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|FRCL 10180 - INTERNATIONAL TERRORISM|
The attacks of September 11, 2001 and subsequent events, including two ongoing wars, have forced Americans to confront the phenomenon of international terrorism in a much more regular and engaged manner. In essence, terrorism has gone from being a marginal security concern for most Americans to becoming one of the most pressing issues of our day, both nationally and internationally. Yet, in reality, “terrorism” has been a persistent and widespread phenomenon throughout the rest of the world well before the events of 9/11. It has deep historical roots, and has been an integral part of human political behavior and interaction. This course seeks to analyze the phenomenon of “terrorism” in a highly-analytical and academic (as opposed to normative) way including examining its causes, dynamics, and possible solutions. In this attempt, the course employs an interdisciplinary approach including insights from the fields of political science, history, psychology, sociology, and anthropology. The course also combines a blend of theory (both explanatory and analytical), methodology, and empirics to help students better understand and grasp the multi-faceted complexity of “terrorism” and its wider implications. Thus, the primary goal of this course is to provide students with a critical and rich understanding of the phenomenon of “terrorism,” and to spark their intellectual curiosity for future empirical research on the topic.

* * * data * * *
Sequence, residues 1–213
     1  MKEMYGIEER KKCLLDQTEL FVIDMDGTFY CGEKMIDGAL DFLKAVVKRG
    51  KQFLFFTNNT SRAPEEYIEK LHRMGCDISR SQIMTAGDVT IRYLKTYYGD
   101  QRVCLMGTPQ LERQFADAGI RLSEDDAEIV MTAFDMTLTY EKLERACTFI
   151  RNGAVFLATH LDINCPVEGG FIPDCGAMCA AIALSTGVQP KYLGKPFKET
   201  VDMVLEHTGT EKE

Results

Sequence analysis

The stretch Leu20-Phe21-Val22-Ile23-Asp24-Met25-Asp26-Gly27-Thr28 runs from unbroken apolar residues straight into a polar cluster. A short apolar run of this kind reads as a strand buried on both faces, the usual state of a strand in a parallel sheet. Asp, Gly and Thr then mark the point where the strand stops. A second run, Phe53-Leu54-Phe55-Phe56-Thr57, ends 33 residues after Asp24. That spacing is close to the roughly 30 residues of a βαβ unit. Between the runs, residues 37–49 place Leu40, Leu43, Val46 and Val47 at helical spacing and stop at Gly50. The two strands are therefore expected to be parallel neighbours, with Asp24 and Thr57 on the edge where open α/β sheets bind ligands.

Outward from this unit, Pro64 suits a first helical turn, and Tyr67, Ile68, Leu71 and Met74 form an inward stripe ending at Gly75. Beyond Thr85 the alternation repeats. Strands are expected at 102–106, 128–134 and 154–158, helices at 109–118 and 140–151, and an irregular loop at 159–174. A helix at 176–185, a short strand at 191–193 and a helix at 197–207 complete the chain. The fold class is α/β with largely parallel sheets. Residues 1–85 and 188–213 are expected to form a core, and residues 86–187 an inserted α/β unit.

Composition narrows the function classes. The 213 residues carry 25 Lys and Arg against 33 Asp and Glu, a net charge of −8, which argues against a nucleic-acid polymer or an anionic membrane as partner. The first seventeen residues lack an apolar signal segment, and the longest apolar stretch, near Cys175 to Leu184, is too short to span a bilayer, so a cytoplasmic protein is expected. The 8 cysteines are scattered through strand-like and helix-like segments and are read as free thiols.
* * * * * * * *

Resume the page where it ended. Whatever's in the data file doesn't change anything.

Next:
4.000 Credit hours
4.000 Lecture hours
Schedule Types: Lecture
Freshman Colloquium Department
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